Elton John pretty much ruled radio in the mid ‘70s. He released an unbroken string of six No. 1 albums, starting with his first classic, 1972’s ‘Honky Chateau,’ and including his 1973 masterpiece, the two-record set ‘Goodbye Yellow Brick Road,’ and the 1975 autobiographical concept album ‘Captain Fantastic and the Brown Dirt Cowboy,’ which he wrote with his longtime lyricist Bernie Taupin. His 1974 ‘Greatest Hits’ collection remains one of the bestselling albums ever released, and for good reason: The 10-song set contains some of the best songs to grace the airwaves during the first half of the ‘70s. John has stayed busy over the years, releasing chart-topping soundtrack records, duet projects and occasionally ambitious albums that combine nostalgia with a sharp sense of mortality. On top of all this, he’s a consummate showman, a piano player with style, elegance and the good sense to wear a duck costume onstage from time to time.
Birthday: March 25, 1947
Selected Discography: ‘Honky Chateau’ (1972), ‘Goodbye Yellow Brick Road’ (1973), ‘Captain Fantastic and the Brown Dirt Cowboy’ (1975)
Very few music lovers are narrow-minded enough to focus strictly on one genre, but we often find it hard to imagine that our favorite artists are open-minded too, so it can be surprising to learn how eclectic their tastes are. Take, for example, the members of Slayer.
We might not hear much rock in the Top 40 these days, but the genre can still pay pretty well if you're lucky enough to have the right audience. Just ask Paul McCartney, Elton John and Bon Jovi, all of whom cracked Forbes' most recent list of the highest-paid musicians on the planet.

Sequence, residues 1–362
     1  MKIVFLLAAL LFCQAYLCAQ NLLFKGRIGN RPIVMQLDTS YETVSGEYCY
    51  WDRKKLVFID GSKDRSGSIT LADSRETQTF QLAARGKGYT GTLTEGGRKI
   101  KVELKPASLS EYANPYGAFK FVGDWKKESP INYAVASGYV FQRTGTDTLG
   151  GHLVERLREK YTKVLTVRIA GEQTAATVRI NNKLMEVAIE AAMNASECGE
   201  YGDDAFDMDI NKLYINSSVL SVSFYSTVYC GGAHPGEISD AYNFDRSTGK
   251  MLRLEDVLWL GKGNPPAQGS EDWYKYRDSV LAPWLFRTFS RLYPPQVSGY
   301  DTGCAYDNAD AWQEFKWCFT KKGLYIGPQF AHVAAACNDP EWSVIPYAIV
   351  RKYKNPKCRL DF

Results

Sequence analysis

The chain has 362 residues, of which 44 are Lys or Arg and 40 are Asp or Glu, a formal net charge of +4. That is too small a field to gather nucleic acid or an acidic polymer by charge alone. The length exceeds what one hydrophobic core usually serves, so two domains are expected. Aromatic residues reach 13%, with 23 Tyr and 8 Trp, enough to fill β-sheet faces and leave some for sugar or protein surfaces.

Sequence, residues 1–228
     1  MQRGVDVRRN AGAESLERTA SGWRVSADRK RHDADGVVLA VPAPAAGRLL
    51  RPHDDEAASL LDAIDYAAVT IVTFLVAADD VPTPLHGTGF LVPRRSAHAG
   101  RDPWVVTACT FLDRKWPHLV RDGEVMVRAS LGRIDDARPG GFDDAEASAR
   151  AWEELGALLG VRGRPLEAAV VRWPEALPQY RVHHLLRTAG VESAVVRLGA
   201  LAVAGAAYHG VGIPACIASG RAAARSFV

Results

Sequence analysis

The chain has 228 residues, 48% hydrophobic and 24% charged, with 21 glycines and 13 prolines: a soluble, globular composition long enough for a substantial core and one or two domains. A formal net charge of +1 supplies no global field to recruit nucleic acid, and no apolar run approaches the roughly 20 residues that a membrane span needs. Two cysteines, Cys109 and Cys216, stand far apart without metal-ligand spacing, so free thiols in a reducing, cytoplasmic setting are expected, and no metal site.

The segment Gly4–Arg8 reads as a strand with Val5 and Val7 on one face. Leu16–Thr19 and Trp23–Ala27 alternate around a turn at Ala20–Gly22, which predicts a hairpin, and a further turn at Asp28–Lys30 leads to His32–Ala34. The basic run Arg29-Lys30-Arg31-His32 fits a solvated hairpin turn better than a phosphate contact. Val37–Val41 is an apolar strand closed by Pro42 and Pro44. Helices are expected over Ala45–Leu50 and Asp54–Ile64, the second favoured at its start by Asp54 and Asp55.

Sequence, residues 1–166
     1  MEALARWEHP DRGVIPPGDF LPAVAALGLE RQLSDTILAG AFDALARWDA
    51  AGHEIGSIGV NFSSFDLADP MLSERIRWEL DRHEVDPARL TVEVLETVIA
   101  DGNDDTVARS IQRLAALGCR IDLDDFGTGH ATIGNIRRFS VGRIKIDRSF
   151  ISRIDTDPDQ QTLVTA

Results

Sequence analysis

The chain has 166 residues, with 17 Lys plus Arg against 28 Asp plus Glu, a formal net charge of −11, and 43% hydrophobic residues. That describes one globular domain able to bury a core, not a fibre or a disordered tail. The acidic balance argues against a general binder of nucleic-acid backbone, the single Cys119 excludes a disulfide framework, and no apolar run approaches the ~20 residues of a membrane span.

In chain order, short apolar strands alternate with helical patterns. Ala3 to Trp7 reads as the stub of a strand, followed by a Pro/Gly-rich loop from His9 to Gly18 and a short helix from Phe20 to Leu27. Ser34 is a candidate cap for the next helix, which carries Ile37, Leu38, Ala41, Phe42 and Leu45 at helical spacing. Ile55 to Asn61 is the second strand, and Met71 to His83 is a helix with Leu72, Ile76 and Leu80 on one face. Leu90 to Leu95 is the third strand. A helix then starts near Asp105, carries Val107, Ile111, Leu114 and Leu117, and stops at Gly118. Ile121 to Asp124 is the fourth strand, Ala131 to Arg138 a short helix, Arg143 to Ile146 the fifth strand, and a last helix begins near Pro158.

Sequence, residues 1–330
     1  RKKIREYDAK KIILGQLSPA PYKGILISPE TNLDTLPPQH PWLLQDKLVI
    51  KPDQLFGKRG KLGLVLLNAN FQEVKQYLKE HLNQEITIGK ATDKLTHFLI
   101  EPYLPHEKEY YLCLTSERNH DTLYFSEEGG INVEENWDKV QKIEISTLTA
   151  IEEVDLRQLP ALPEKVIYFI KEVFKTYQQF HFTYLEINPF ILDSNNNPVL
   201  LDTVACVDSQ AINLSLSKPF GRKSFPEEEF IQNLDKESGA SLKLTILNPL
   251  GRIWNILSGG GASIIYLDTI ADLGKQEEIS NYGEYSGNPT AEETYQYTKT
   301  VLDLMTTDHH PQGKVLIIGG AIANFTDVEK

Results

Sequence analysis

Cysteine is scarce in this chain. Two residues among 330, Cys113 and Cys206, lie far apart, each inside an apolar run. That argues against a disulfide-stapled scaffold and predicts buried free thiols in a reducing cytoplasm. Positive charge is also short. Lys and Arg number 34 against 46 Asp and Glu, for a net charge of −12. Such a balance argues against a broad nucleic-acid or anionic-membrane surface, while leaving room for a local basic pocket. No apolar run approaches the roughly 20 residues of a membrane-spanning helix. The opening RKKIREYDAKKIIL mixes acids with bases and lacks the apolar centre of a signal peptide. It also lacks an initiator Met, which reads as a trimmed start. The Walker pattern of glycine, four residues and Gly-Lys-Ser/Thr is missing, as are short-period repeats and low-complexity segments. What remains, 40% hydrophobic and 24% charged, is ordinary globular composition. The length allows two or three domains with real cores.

It's easy to complain about singing competition shows like 'American Idol,' 'X Factor' and 'The Voice.' They value karaoke-style singing over performing one's own material, they favor pop flash over personal grit and they've spawned dozens of similar-sounding artists. But when Elton John looks out over the would-be pop stars on TV, he just feels pity.
On Oct. 25 and 26, 1975, Elton John performed two sold-out shows at Dodger Stadium in Los Angeles. Imagine for a moment what it would be like if one of those was the first rock concert you ever went to. Now, meet our new friend Doug Fox, who was indeed just that lucky, and is here to tell us all about it:
Elton John -- "dull?" David Bowie -- an "amateur?" These were the opinions of the BBC before the singers became famous, according to newly discovered notes that will be used in an upcoming documentary.
It appears that you already have an account created within our VIP network of sites on . To keep your points and personal information safe, we need to verify that it's really you. To activate your account, please confirm your password. When you have confirmed your password, you will be able to log in through Facebook on both sites.
*Please note that your points, prizes and activities will not be shared between programs within our VIP network.
Welcome back to Ultimate Classic Rock
It appears that you already have an account on this site associated with . To connect your existing account with your Facebook account, just click on the account activation button below. You will maintain your existing profile and VIP program points. After you do this, you will be able to always log in to http://ultimateclassicrock.com using your Facebook account.